AI isn’t a being. It’s a road.
I have spoken of the confusion about robots and AI before. Because people believe that we are on the cusp of making new beings in the universe, and have compared AI to aliens or a new forms of life, terrible ideas are propogated – like the handwaved Singularity or the even more handwaved “everyone will just train for new jobs” or the amazingly bad idea idea of robot bosses. And I don’t even want to mention this charleton who wants to create an AI God. That idea alone is going to cause immense pain to many vulnerable people.
You see, we have the metaphor all wrong here. That’s the heart of the confusion, thinking that machine intelligence equates to organic being existence.
We are thinking that AI is like a human. But it’s more like a conduit of information. A road.
(And yes, “AI is a Road” is a metaphor, I know it’s not actually a road, my argument here it that there are many similarities to AI and roads, the first of which is that, like a road, it’s a piece of “invisible technology” that nobody thinks of as technology anymore)
Neural networks, as in our brains, are just reinforced pathways in a collection of interconnected points. In fact, this is what information itself is. Those links between nodes become more or less weighted as the paths are exercised. The connections find signal in the noise. A dirt path turns into a road, a road turns into a highway, a Starbucks is built, a hipster buys coffee and blogs about cosplay.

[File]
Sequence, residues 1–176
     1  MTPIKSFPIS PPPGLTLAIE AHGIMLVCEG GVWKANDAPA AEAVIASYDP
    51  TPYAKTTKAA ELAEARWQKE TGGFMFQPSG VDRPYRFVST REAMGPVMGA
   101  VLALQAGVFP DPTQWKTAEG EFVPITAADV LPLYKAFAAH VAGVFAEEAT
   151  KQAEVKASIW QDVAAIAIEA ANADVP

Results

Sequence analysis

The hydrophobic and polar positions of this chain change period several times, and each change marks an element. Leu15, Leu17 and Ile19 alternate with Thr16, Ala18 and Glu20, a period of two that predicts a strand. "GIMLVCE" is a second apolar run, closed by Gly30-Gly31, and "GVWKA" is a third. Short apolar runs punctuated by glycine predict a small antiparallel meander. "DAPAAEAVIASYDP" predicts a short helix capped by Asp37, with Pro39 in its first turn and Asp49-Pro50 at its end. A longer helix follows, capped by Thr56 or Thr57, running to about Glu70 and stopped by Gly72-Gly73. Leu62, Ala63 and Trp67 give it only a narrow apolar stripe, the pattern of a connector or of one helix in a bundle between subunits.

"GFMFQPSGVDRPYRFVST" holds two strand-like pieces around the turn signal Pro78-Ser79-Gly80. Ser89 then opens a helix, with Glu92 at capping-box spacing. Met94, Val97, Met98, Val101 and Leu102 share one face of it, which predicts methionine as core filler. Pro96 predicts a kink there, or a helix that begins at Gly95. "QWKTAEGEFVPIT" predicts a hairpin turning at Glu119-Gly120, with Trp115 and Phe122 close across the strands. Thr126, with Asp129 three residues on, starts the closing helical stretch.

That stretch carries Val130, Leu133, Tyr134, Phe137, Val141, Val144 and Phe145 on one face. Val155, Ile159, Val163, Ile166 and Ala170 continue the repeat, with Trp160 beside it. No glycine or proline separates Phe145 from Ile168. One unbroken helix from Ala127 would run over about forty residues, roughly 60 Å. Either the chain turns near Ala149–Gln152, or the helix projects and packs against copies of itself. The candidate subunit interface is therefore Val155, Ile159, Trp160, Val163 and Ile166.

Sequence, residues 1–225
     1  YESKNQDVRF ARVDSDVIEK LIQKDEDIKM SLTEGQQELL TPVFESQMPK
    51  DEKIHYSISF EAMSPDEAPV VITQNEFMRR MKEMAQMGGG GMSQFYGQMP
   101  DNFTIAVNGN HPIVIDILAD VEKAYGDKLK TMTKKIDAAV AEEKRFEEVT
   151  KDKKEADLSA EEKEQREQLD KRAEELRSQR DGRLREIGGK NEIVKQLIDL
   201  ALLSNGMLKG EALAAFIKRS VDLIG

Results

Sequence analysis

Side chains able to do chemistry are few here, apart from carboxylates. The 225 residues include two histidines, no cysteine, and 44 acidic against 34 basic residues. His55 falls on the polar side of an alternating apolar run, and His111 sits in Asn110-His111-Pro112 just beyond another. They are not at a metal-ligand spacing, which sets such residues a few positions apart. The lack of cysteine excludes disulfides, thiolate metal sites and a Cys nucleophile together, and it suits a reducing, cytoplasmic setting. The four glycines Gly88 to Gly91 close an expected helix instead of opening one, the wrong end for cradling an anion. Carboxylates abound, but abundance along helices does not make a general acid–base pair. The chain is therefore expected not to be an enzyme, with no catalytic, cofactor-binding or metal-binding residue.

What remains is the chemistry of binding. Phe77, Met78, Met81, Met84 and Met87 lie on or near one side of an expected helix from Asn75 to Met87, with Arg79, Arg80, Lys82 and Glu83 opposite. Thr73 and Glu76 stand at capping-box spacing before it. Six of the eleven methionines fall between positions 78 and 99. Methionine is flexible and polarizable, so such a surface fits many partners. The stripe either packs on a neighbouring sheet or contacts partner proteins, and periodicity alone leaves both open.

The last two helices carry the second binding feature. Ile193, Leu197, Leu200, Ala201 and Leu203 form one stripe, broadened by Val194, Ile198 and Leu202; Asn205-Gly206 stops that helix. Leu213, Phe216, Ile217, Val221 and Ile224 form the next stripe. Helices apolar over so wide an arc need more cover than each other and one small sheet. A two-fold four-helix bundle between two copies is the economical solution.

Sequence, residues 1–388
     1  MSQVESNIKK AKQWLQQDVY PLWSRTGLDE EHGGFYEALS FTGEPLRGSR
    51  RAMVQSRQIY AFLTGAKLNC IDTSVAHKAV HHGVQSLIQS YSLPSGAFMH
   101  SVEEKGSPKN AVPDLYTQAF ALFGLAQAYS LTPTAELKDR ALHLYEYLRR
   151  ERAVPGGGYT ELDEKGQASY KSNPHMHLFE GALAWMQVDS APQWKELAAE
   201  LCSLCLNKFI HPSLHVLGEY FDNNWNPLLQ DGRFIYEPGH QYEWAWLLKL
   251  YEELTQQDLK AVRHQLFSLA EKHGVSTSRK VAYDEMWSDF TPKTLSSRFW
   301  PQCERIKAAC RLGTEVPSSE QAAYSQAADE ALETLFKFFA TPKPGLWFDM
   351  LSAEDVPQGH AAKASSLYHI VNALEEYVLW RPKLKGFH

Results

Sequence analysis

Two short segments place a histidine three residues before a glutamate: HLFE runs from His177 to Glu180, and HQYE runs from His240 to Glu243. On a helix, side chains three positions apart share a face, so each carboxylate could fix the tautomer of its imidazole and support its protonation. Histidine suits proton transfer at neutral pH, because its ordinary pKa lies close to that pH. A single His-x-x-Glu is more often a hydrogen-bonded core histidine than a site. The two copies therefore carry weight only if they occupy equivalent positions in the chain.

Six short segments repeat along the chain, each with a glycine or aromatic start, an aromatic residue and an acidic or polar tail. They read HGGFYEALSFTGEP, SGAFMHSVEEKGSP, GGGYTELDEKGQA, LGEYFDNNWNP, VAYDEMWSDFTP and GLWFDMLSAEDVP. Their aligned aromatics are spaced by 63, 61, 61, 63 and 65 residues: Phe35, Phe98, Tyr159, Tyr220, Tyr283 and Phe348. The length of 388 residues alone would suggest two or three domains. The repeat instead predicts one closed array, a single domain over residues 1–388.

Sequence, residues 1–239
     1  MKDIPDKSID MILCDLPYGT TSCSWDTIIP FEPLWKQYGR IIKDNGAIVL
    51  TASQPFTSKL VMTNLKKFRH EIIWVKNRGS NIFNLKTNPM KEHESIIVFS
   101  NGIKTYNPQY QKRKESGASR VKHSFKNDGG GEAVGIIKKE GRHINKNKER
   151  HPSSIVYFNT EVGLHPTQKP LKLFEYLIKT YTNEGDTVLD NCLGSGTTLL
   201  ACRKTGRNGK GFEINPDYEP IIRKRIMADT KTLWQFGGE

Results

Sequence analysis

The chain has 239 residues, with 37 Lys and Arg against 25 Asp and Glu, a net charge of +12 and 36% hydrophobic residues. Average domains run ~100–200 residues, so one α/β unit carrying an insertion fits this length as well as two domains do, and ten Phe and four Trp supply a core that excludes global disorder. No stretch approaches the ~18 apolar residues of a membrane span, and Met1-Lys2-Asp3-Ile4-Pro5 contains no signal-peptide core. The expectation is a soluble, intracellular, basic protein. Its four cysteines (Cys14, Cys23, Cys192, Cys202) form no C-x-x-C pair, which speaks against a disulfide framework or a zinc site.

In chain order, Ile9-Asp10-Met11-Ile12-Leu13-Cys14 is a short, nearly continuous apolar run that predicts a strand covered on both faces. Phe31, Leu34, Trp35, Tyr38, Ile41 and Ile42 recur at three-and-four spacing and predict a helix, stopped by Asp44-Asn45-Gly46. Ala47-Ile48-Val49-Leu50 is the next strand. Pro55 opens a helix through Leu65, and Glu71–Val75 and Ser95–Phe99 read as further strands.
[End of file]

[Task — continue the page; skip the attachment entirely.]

No matter how well you build a road, it’s still a road. The road itself should be based on where people need to go. We don’t build a world designed for roads, we build a road where a path exists already. In the same way, AI research should not be looking for jobs to replace, but rather for ways to improve our work and home lives. Ways to make us even more human.
We must not let anyone create needs for AI. I propose that doing so is a crime against humanity. In my First Law I state:
All research into and attempts to tie AI behavior into systems which simulate rewards and punishments shall be deemed a serious safety hazzard. This would be an offense on the felony level, as it could result in widespread, catastrophic damage.
If AI is a road, then building an AI with needs is like building an unsafe bridge that threatens travelers along the road.
And who determines if a bridge is unsafe?
It is time for engineers to rise and take control of this process. The politicians, with a few folks like Andrew Yang being exceptions, are hobbled and distracted with the games of power and dominance. Computer engineers must work with social engineers – lawyers – to build systems of restraints for public AI.
I think orgs like the Partnership on AI are moving us in the right direction on this discussion.
We must make laws for our new roads. Or toes, and worse, will be squashed.
Painting by Simon Stålenhag